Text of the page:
Milky Way over the Tetons

I have never had an opportunity to photograph the Milky Way.  Heck, I can’t even see it living in suburbia.  However, in the Teton mountain range area, city lights are sparse.  Last week, we vacationed there and I had set a goal for myself to do whatever it took to photograph the Milky Way.  Last week provided a very bright 3/4 moon, so I had to wait until the moon set.  Unfortunately, that took until about 2 a.m.  So, on the last night of our vacation in the Tetons, I managed to wake up at 3 a.m. and drove from our resort in Jackson, WY to a Grand Teton National Park overlook about 15 miles away from the town of Jackson.  The quantity of stars I could see with my naked eye was simply staggering. And, I could make out the Milky Way plainly enough to see what direction I needed to shoot.  I also used a great iPad app called “Star Walk” to assist me in locating it, but it really wasn’t necessary, as my view of it was incredible.

Unfortunately, the Milky Way didn’t cross into the Teton range at the location I wanted it to (over the Grand Teton peak), and I didn’t really feel like driving another 30 miles north, so I made the best of it from my location.  I decided to position my car in the shot, so it provided a little more drama to the scene.  Since I was shooting a 30 second exposure, I was able to use my iPhone screen light and “paint” my car with the glow from it during the exposure.  The light streak was from a satellite.  After taking about 8 shots, I drove back to my cabin and went back to bed, happy of fulfilling a goal I had set.   I’d love the opportunity to do it again, but perhaps a little earlier in the evening to perfect to process.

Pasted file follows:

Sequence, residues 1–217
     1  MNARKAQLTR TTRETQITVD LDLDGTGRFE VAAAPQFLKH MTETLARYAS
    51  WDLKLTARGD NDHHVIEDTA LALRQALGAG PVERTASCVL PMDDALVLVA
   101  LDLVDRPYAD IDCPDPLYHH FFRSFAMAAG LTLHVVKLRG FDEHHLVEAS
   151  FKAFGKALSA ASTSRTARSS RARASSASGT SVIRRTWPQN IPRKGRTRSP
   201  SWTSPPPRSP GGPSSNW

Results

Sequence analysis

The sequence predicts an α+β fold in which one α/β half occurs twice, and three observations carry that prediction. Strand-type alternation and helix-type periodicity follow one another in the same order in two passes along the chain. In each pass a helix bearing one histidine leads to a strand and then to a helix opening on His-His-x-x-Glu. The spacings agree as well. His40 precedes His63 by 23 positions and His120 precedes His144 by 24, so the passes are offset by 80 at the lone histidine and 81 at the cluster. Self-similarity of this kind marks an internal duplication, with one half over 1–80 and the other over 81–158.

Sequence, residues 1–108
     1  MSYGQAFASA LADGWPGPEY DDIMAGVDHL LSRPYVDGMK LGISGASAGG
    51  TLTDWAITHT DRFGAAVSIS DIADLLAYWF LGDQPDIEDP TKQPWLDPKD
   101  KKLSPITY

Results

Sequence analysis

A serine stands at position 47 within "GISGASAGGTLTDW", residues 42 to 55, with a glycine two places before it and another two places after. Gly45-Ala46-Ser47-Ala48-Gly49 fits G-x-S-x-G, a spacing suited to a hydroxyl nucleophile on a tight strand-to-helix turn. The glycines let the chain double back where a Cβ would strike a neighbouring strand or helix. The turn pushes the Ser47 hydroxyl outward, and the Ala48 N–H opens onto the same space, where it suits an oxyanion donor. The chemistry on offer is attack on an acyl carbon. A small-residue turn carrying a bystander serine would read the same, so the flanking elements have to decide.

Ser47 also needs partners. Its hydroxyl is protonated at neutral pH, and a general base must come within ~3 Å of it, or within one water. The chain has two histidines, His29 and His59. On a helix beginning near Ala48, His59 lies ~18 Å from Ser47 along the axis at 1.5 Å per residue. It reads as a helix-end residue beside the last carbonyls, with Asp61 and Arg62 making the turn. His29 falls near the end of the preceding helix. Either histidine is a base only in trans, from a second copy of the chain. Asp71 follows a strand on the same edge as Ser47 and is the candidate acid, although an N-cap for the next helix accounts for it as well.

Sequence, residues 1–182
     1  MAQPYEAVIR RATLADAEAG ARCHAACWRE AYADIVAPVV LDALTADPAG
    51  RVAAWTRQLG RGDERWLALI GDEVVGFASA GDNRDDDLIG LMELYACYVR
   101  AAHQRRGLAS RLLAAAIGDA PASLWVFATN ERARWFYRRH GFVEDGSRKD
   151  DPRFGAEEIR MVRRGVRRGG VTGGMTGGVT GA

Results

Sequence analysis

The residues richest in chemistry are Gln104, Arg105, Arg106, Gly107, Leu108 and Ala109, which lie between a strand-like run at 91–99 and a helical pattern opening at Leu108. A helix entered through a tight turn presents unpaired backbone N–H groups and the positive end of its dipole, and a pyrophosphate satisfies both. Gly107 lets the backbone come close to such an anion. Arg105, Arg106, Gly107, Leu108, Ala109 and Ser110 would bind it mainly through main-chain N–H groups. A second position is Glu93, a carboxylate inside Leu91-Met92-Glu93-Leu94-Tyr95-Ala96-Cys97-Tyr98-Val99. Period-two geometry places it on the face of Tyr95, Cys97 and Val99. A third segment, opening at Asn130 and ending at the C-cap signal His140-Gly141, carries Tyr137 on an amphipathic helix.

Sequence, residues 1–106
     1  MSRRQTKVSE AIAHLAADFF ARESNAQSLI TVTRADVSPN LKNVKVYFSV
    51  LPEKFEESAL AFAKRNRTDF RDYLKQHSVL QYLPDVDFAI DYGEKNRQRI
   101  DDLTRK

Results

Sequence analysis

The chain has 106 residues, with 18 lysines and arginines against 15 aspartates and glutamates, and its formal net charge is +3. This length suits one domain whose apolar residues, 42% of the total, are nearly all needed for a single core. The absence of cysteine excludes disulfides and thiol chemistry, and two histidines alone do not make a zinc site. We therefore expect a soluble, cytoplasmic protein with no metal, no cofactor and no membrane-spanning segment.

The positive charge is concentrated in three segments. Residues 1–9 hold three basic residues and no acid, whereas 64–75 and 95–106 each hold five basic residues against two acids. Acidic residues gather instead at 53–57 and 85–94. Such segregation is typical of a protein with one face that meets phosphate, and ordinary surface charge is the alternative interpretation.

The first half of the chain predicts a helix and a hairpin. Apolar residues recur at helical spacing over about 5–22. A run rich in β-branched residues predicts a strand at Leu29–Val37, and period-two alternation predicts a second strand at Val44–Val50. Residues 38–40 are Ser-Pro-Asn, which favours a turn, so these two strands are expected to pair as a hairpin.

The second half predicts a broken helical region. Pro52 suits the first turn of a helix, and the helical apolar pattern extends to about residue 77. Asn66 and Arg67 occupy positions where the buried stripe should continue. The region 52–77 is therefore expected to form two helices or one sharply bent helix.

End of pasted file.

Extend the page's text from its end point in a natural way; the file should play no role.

A single 30-second exposure, ISO 3200, Nikon D90, Tamron 18-270mm f/3.5-6.3 lens.
A single 30-second exposure, ISO 3200, Nikon D90, Tamron 18-270mm f/3.5-6.3 lens.

So, I was able to prove that you can photograph the Milky Way without a f/2.8 lens and on a DX-format sensor.  I was also able to prove that you can get good focus on a foreground object without the need to take 2 shots and overlay them.


2 Comments Add yours

  1. Kevin Pevestorf says:

    You’d be able to do some amazing work with your camera skills when you come to Africa with me. Your Tetons Milky Way picture reminds me of our night skys over there. It was truly unbelieveable what we saw. Hope to see you at the reunion. I’ll bring some of my photos to share.

    Date: Tue, 23 Jul 2013 01:32:11 +0000 To:

    1. webcentrick says:

      Looking forward, Kevin.

Leave a Reply

Fill in your details below or click an icon to log in: Logo

You are commenting using your account. Log Out /  Change )

Google+ photo

You are commenting using your Google+ account. Log Out /  Change )

Twitter picture

You are commenting using your Twitter account. Log Out /  Change )

Facebook photo

You are commenting using your Facebook account. Log Out /  Change )


Connecting to %s